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NASA and Boeing Complete Successful Starliner Test to the ISS 

By | May 26, 2022

Boeing’s Starliner spacecraft lands at White Sands Missile Range in New Mexico on May 25, 2022. Photo: NASA/Bill Ingalls

NASA and Boeing successfully completed an uncrewed flight test of the Starliner spacecraft to the International Space Station, ending with a desert landing on Wednesday afternoon. 

This was a success for the Starliner spacecraft, which missed its objective in a December 2019 test, resulting in a major NASA review

The flight test began on May 19, when Starliner launched on the ULA Atlas V rocket from Cape Canaveral Space Force Station in Florida. The spacecraft entered Earth’s orbit and performed a series of demonstrations, then successfully docked with the orbital outpost 26 hours after launch. ISS crew opened hatches and entered the capsule, inspecting the spacecraft.

The spacecraft demonstrated a number of capabilities including approach, rendezvous, and docking with ISS, undocking and departure, and precision landing.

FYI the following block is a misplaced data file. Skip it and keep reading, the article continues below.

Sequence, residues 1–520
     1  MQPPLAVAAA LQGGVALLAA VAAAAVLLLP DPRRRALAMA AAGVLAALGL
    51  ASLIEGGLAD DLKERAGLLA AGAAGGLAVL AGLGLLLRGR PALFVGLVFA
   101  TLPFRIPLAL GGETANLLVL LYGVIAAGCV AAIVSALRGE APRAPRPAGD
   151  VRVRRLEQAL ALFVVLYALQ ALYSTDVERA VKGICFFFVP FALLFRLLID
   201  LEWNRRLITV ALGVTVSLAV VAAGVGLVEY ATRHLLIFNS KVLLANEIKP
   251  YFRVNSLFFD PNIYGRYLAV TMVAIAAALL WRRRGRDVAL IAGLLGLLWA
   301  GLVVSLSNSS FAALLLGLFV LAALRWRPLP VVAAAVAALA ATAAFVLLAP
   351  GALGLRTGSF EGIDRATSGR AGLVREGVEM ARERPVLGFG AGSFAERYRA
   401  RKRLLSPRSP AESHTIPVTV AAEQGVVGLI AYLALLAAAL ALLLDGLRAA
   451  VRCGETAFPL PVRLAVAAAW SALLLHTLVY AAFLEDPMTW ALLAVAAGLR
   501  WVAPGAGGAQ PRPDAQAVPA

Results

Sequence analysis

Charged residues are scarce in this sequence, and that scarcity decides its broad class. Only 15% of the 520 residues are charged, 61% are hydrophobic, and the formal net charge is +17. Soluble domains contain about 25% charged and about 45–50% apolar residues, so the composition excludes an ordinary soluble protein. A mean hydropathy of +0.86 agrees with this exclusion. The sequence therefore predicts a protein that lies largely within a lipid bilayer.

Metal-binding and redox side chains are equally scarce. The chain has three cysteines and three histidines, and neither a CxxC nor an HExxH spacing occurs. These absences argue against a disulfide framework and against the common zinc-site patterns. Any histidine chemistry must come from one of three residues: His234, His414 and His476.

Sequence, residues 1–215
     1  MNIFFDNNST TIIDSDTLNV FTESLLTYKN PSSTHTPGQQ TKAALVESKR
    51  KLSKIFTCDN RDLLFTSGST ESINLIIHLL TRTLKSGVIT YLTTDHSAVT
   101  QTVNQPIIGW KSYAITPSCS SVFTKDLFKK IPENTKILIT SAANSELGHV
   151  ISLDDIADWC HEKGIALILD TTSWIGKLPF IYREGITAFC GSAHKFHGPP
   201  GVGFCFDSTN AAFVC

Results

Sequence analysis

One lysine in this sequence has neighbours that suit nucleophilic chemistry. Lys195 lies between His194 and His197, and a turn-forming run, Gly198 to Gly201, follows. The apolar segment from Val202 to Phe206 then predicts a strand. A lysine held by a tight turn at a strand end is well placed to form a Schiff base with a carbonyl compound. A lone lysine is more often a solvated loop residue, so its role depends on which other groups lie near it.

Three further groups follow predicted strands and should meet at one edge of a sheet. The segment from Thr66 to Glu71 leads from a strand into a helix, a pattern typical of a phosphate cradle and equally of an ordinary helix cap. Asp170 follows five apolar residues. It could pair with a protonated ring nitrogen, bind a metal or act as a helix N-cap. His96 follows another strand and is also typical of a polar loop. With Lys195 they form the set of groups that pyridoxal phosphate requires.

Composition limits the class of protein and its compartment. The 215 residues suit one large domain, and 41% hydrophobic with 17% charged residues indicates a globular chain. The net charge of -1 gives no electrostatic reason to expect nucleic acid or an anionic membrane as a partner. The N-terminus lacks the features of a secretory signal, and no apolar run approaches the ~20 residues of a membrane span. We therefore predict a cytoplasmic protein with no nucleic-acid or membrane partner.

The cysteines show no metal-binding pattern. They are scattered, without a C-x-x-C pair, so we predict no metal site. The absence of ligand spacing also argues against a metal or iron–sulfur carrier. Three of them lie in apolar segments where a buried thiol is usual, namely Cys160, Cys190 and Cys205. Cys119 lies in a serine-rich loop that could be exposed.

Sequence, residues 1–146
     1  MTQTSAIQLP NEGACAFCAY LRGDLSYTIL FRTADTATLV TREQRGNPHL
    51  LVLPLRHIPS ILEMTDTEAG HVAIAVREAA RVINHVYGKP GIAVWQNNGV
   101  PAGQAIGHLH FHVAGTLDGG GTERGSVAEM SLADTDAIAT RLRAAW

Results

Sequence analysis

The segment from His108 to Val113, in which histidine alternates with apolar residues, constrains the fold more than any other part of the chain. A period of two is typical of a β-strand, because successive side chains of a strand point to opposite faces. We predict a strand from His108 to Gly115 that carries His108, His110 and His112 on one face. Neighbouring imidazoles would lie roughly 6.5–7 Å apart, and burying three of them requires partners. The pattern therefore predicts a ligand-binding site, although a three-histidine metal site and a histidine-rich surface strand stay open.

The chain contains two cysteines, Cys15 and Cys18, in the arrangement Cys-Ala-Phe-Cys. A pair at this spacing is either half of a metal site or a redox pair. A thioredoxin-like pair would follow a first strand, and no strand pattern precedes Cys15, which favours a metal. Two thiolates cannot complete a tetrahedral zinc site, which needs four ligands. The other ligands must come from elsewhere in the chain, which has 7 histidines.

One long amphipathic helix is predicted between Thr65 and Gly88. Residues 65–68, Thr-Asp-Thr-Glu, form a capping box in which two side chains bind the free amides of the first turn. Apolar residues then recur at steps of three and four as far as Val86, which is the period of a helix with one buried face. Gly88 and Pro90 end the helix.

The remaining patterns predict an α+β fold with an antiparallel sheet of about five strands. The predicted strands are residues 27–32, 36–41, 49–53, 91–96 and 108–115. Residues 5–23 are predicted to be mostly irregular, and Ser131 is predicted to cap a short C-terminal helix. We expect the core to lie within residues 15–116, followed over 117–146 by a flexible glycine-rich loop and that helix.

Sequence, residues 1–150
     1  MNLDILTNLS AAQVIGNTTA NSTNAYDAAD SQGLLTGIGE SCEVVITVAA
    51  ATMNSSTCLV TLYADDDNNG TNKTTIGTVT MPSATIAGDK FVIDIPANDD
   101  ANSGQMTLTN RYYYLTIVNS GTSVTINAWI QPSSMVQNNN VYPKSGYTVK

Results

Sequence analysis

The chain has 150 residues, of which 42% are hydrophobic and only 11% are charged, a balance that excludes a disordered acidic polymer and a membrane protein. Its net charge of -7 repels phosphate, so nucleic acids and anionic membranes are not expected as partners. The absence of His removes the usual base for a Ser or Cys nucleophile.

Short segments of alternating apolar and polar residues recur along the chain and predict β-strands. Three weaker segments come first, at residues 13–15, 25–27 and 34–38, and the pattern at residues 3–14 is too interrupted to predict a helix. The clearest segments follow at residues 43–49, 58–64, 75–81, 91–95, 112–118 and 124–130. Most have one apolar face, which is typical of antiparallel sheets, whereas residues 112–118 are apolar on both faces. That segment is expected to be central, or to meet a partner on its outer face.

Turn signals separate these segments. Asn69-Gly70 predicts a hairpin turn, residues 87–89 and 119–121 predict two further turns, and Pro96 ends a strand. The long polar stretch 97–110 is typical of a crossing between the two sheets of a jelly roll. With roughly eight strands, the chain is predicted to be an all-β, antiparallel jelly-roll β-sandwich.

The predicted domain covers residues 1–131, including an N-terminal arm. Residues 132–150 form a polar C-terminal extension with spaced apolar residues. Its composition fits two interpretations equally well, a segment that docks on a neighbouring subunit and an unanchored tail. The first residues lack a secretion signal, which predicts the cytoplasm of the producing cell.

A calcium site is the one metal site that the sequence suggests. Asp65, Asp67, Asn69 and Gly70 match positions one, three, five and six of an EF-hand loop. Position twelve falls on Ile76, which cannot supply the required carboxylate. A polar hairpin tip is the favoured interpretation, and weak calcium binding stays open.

The six-day mission ended at at 4:49 p.m. MDT at at White Sands Missile Range in New Mexico when Starliner touched down its airbags in the desert. 

“I am incredibly proud of the dedication and perseverance shown by the NASA, Boeing, and ULA team culminating in the successful completion of Starliner’s second Orbital Flight Test from start to finish,” said Steve Stich, manager of NASA’s Commercial Crew Program. “Throughout this process, Starliner has provided a tremendous amount of valuable data, which we’re continuing to assess in our effort to bring the spacecraft online and fully operational for crew flights to the space station as soon as it is safe to do so.”

The next step is a data review process before a crewed flight test to the station. 

Boeing’s Starliner spacecraft is part of NASA’s Commercial Crew Program, through which SpaceX made history as the first privately owned company to launch human beings into space in May 2020. SpaceX now regularly provides crew transport to the ISS for NASA.